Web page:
An increasing number of Ladysmith residents are finding themselves in the informal role of caregiver for a family member. The reason? Dementia, the medical term for a set of symptoms that are caused by disorders affecting the brain.
The illness is becoming more common as our population ages. Already B.C. families provide 33.1 million hours of unpaid care to people with dementia per year, says Jane Hope, the Alzheimer Society of B.C.’s Support & Education Coordinator for Ladysmith and the Central & North Island.
And women account for 70 per cent of the caregivers.
“The physical and psychological toll on family caregivers is considerable,” Hope says.
Knowing the signs of caregiver stress and finding ways to get support are important for both families and those they are caring for. To help families on the dementia journey, the Society brings its free two-part Family Caregiver Series workshop to Ladysmith beginning on May 10.
Caregivers will learn strategies to care for someone with dementia and to take care of their own health, to ensure they are prepared to continue to provide care for their family members. “We provide practical techniques and strategies that caregivers can begin using immediately,” Hope says.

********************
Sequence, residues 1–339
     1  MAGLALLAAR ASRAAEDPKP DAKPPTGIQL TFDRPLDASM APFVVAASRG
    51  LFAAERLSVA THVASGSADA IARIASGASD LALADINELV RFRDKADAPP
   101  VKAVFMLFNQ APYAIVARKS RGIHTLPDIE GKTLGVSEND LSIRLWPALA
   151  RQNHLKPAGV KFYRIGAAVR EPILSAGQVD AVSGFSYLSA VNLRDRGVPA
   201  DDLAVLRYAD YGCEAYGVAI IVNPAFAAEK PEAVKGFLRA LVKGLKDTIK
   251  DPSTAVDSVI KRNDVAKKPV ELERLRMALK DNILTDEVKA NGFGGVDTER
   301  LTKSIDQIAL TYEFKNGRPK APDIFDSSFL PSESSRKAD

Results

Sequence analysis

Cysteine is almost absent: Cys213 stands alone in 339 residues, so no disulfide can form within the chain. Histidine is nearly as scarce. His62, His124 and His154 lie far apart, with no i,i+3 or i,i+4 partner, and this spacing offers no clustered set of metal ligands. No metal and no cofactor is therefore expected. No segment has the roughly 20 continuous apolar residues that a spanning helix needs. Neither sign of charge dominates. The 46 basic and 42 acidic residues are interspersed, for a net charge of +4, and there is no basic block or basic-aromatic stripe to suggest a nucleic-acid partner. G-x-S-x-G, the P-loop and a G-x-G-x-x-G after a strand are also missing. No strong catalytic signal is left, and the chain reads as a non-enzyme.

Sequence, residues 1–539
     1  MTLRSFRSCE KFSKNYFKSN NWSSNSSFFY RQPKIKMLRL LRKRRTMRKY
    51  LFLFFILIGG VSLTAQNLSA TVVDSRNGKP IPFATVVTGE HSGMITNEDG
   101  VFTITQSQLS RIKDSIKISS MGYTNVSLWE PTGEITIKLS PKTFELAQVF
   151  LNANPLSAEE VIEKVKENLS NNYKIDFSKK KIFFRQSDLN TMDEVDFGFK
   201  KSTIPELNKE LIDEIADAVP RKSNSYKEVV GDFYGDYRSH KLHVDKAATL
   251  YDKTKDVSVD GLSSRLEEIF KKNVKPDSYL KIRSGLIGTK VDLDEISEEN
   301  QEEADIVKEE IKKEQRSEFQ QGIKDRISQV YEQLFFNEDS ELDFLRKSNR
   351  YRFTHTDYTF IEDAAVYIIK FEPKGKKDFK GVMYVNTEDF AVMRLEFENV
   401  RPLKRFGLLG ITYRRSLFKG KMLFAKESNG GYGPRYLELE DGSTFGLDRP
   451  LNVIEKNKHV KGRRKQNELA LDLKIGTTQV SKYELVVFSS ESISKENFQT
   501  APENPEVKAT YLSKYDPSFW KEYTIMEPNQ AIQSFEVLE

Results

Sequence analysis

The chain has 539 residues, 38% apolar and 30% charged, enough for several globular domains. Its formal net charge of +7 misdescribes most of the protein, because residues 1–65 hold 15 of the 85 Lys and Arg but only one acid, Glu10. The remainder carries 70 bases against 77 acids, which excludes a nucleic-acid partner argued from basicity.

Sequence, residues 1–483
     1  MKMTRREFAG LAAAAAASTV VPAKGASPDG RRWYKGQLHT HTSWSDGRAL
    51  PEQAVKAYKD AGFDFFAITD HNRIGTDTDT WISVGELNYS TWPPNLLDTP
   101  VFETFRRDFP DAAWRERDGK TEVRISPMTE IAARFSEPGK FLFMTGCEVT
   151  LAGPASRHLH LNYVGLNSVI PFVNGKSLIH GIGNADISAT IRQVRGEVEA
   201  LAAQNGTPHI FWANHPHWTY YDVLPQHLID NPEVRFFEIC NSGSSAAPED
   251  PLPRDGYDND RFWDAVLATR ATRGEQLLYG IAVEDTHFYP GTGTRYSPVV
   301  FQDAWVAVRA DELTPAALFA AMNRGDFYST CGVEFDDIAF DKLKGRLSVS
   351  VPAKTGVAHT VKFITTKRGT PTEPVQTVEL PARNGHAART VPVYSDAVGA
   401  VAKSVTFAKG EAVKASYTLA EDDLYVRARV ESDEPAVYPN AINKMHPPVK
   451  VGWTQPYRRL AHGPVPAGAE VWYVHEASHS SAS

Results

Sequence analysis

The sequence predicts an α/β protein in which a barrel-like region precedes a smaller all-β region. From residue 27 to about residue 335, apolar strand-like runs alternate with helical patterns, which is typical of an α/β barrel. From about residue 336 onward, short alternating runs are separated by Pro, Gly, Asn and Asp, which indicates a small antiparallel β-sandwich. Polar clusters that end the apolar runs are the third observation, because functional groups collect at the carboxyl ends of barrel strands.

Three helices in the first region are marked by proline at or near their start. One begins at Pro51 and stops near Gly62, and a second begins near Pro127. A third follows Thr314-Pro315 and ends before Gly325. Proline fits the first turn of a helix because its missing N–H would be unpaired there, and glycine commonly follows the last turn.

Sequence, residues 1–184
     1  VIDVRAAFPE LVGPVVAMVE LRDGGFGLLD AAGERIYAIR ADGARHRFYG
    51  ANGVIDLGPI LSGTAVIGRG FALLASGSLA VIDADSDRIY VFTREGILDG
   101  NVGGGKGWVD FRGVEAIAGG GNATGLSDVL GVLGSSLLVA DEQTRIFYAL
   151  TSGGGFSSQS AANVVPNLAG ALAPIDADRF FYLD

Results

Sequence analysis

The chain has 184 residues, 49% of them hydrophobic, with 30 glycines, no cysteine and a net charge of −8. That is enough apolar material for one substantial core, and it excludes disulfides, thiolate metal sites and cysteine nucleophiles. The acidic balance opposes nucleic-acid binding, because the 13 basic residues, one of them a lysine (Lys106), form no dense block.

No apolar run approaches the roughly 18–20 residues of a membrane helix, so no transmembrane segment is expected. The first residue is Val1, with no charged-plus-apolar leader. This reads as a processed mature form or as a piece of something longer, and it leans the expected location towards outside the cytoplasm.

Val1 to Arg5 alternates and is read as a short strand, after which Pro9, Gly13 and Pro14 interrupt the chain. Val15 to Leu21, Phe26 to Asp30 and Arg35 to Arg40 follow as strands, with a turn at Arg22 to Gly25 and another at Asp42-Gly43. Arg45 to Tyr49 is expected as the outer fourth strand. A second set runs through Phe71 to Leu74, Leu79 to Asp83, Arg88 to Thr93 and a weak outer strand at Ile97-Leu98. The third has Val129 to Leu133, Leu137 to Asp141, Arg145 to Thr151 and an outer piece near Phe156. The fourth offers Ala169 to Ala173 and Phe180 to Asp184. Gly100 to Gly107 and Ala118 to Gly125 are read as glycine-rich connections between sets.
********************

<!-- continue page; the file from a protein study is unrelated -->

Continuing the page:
Topics to be covered include:
• Understanding Alzheimer’s disease and other dementias.
• Effective and creative ways of facilitating communication with a person with dementia.
• Understanding behaviour as a form of communication.
• Self-care for the caregiver.
• Planning for the future.
The workshop runs on Tuesdays, May 10 and 17 from 12:30 p.m. to 4:30 p.m. at Ladysmith Resources Centre, 630 – 2nd Avenue. Pre-registration is required. For information and to register, contact Barb at Ladysmith Resources Centre Association at 250-245-3079 or e-mail: email@example.com.
More information on Alzheimer’s and other dementias is available by visiting www.alzheimerbc.org.